Greetings from London, 1899. My name is Frances, Countess of Harleigh and I’m delighted to be sharing a bit about my life with you today.
You may be wondering how I, an American born in Akron, Ohio, became a Countess. The answer, quite simply, is that I owe it to my mother. A decade ago, while my father applied himself to the stock market, my mother, Violet Price set about working her way into New York Society, a daunting task to set oneself.
She failed miserably. The Knickerbocker set simply couldn’t abide the odor of new money. But when my mother heard of the success in London of Lillian Hammersley, Jennie Jerome, and many other girls, she contrived a new plan. She’d launch me onto London Society as the latest American heiress. The soul of efficiency, it took her less than a week to choose my future husband, Reginald Wynn, Earl of Harleigh.
My mother loved Reggie’s title and Reggie loved my money so I suppose one could call it a love match. I went along with the plan. I thought it would be great fun to marry a young, dashing lord. Indeed it was, until just after the wedding when my mother returned to New York, and Reggie returned to his friends and mistresses in town, and left me at the old pile—that’s what they call the ancient manor house.
Through the nine years of our marriage, Reggie remained constant—devoted to my dowry and unfaithful to me right up to the day he died. I never wished him any ill, he was the father of our daughter after all, but I couldn’t help but thrill at the prospect of freedom. Well, I did more than just shiver with excitement. During my mourning period, I made plans to move out on my own and away from my grasping in-laws. Reggie’s brother was the new earl and our arguments over money had become a daily ritual. But in just a few more days, I’ll have my own household.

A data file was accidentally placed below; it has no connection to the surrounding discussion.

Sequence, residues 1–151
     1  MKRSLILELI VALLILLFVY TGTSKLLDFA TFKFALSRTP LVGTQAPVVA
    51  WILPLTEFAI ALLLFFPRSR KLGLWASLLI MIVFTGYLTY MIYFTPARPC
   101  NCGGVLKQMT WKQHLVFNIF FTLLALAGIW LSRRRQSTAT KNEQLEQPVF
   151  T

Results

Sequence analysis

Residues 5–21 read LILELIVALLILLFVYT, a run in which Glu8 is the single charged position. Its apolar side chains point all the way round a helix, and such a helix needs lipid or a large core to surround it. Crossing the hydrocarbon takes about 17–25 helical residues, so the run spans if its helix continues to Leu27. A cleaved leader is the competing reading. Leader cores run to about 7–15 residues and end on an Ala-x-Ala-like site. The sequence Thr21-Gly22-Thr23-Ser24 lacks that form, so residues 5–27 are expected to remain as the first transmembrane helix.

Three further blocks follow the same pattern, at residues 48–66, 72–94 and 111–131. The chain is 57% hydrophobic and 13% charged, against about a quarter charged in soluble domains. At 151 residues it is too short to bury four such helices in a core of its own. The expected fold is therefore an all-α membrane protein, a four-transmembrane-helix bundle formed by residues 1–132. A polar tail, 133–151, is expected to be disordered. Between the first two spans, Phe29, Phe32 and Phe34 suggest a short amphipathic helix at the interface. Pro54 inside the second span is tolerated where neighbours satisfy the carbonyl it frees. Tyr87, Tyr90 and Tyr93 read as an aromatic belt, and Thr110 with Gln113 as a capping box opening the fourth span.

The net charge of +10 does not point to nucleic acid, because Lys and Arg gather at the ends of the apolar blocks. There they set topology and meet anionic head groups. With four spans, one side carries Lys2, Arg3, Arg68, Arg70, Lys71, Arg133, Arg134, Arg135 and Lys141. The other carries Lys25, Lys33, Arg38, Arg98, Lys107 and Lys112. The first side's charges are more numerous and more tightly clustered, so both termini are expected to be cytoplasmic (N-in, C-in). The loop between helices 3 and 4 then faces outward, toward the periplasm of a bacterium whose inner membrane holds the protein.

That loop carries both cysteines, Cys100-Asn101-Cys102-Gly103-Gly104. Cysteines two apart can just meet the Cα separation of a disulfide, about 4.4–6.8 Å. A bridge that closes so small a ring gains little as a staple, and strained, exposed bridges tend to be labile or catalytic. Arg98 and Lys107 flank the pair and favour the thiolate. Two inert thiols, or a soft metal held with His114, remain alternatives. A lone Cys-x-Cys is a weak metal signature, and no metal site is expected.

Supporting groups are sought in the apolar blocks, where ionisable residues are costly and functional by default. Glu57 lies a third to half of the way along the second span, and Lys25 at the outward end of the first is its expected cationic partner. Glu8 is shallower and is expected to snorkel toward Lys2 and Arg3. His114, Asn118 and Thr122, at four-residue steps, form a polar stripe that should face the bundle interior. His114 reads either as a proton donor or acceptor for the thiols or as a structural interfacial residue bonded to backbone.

Well, I won’t be entirely alone. My mother plans a return trip to her old hunting ground to bag another title for the family. After all, she considered my marriage a success, why not marry off my sister, Lily and make some other lord very wealthy.
This new stage of my life should be quite busy. I’ll be back in town to visit with my old friends. I must vet Lily’s suitors and at least attempt to keep my mother from matching her with some decrepit duke or marquess. I’ve heard there’ve been some mysterious burglaries in Mayfair and Belgravia but surely a burglar won’t bother with my meager household. And I understand an Inspector Delaney has been asking about me, though I can’t imagine what he wants. Heavens, my life has become so intriguing, I wouldn’t be surprised if someone wrote a book about me.
I’m joking, of course.
Advance Praise For A Lady’s Guide To Etiquette And Murder
“A delightful tale of shenanigans among the British aristocracy. Lady Frances feels very real—not too smart and spunky but no shrinking violet either.” –Rhys Bowen, New York Times bestselling author of the Royal Spyness and Molly Murphy mysteries
“Lady Harleigh must rally the support of friends and an attractive neighbor to untangle her affairs in this engrossing tale of aristocratic intrigue. Freeman vividly portrays the opulence of late Victorian life among the British upper crust as Lady Harleigh takes us into the exclusive ballrooms and drawing rooms of London society in 1899. Deception and trickery abound and nothing is exactly as it seems.” –Rosemary Simpson, author of Lies That Comfort and Betray
“Dianne Freeman has penned a mystery that’s witty and fun, with just the right amount of danger and romance to keep you turning pages.” –Alyssa Maxwell, author of A Devious Death
“A fantastic blend of history, mystery and humor. I did not want to put it down. Perfect for fans of Agatha Christie and Georgette Heyer.” –Darcie Wilde, National bestselling author of A Useful Woman and A Purely Private Matter